*Nearly as famous as Buxton the Blue Cat who is, presumably, from Derbyshire…


The House at Bishopsgate – Katie Hickman

I seem to have a fairly bad habit (developed at the point where I moved into general bookselling from a campus store and really started to ramp up my reading for reviewing) of reading the first book in a series and then never managing to find time to read on. I have managed to finish a few – the Wool trilogy for example or David Barnett’s Gideon Smith books – and there are some authors (like Connie Willis or Gavin Extence) I will always look out for but, sadly, my favourite hashtag seems to be #somanybookssolittletime… This is not to say that when I read the first book in a series I don’t enjoy them, that they are not good books, it’s just that I run out of time. And then, sometimes, I discover that I’ve read a book which is part way through a series and I realise that it may not even make a difference. In fact, it was only after I read the House at Bishopsgate that I realised that there were two books-worth of story leading up to the start of this one. The good news is that this book made perfect sense as a standalone novel. Backstories were sufficiently well covered that there were no blank spots (and there weren’t great swathes of ‘explanation’ at the expense of plot either) and all the characters seemed well-rounded.

9781408821145The House at Bishopsgate belongs to wealthy merchant Paul Pindar and it has sat empty for years while Paul and his wife Celia live in Oriental splendour in 17th century Aleppo where he is a representative of a powerful trading company. But now they have returned to introduce Celia to London society in the reign of James 1st but that society, as is so often the way, is more interested in gossip about Celia’s past (she spent years in the harem of a sultan) and Paul’s prized jewel – a huge diamond known as the Sultan’s Blue. But, somehow, they can’t seem to shake off Lady Sydenham, a young widow they escorted home from Antwerp, and who is now settled into their home with them. Add in a secondary plotline about an ex-nun, a missing servant of Paul’s and his rather unsavoury brother Ralph and there is plenty there for any fan of historical fiction. I was reminded of early Philippa Gregory (Wideacre/Earthly Joys era stuff) which can only be a good thing. I was, to be honest, pretty much raised on Jean Plaidy so reckon I know a good historical yarn when I see one. And this one isn’t bad at all.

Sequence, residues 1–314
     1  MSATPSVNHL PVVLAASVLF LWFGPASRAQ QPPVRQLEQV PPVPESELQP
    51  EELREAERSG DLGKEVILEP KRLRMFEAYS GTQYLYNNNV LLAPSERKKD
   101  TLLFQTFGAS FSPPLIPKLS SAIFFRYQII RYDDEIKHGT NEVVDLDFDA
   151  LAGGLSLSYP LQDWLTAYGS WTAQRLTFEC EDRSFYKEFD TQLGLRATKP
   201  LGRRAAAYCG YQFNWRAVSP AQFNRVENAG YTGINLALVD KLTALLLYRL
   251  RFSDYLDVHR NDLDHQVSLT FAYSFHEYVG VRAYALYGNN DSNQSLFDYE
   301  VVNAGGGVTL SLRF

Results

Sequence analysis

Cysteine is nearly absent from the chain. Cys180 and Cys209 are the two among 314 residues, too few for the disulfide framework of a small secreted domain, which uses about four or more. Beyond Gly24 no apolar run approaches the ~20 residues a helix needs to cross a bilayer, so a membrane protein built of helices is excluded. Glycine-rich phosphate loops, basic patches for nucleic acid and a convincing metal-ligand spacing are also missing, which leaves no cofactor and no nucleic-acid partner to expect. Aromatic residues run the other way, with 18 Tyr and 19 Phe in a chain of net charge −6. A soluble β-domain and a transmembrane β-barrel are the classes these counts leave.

The Breakdown – B A Paris

For some people the worst thing you can say about a film, a book or any other piece of creative work is that it is predictable. And in many ways I agree – why give an hour (or two, or fifteen) to an album, movie or novel which doesn’t add anything to the sum total of my experience? But….Sometimes I know how a plotline is going to end (honestly, I can read the mind of the Eastenders scriptwriting team) but still have enough invested in the characters to want to know how they will react to it. In fact we can all sometimes surprise ourselves with how we react to an event we’d known was coming for years – the wedding we’d dreamed of and planned for months, or maybe the eventual death of someone who’d been ill for decades: we can still feel the emotional impact of the shock even when it isn’t exactly a surprise. So, does this always matter when reading a novel (remembering that there are, apparently, only seven plots – or three if you ask Rosencrantz and Guildenstern)?